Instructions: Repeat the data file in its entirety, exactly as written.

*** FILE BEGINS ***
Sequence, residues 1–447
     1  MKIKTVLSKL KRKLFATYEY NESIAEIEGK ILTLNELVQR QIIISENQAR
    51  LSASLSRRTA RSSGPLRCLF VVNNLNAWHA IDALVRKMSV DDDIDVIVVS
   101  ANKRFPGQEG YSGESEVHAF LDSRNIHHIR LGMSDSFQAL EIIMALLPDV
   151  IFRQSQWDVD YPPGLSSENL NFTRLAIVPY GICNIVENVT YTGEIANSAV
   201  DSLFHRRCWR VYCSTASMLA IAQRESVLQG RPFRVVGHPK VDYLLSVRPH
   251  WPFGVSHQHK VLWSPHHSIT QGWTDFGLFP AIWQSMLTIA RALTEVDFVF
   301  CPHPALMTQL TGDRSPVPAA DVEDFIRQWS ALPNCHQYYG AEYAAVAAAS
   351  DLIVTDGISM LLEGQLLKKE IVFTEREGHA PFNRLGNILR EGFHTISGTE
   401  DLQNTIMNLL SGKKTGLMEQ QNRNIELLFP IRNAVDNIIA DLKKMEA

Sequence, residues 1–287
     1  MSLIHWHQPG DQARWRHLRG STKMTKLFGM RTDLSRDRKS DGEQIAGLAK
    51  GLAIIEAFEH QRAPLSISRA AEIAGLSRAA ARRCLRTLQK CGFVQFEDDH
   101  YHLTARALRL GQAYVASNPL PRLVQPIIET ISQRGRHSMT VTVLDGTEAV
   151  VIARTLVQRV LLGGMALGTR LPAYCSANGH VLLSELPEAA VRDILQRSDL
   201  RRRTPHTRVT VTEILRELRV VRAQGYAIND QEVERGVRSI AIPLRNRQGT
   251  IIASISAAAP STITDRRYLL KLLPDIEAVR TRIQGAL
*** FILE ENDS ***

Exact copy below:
Sequence, residues 1–447
     1  MKIKTVLSKL KRKLFATYEY NESIAEIEGK ILTLNELVQR QIIISENQAR
    51  LSASLSRRTA RSSGPLRCLF VVNNLNAWHA IDALVRKMSV DDDIDVIVVS
   101  ANKRFPGQEG YSGESEVHAF LDSRNIHHIR LGMSDSFQAL EIIMALLPDV
   151  IFRQSQWDVD YPPGLSSENL NFTRLAIVPY GICNIVENVT YTGEIANSAV
   201  DSLFHRRCWR VYCSTASMLA IAQRESVLQG RPFRVVGHPK VDYLLSVRPH
   251  WPFGVSHQHK VLWSPHHSIT QGWTDFGLFP AIWQSMLTIA RALTEVDFVF
   301  CPHPALMTQL TGDRSPVPAA DVEDFIRQWS ALPNCHQYYG AEYAAVAAAS
   351  DLIVTDGISM LLEGQLLKKE IVFTEREGHA PFNRLGNILR EGFHTISGTE
   401  DLQNTIMNLL SGKKTGLMEQ QNRNIELLFP IRNAVDNIIA DLKKMEA

Sequence, residues 1–287
     1  MSLIHWHQPG DQARWRHLRG STKMTKLFGM RTDLSRDRKS DGEQIAGLAK
    51  GLAIIEAFEH QRAPLSISRA AEIAGLSRAA ARRCLRTLQK CGFVQFEDDH
   101  YHLTARALRL GQAYVASNPL PRLVQPIIET ISQRGRHSMT VTVLDGTEAV
   151  VIARTLVQRV LLGGMALGTR LPAYCSANGH VLLSELPEAA VRDILQRSDL
   201  RRRTPHTRVT VTEILRELRV VRAQGYAIND QEVERGVRSI AIPLRNRQGT
   251  IIASISAAAP STITDRRYLL KLLPDIEAVR TRIQGAL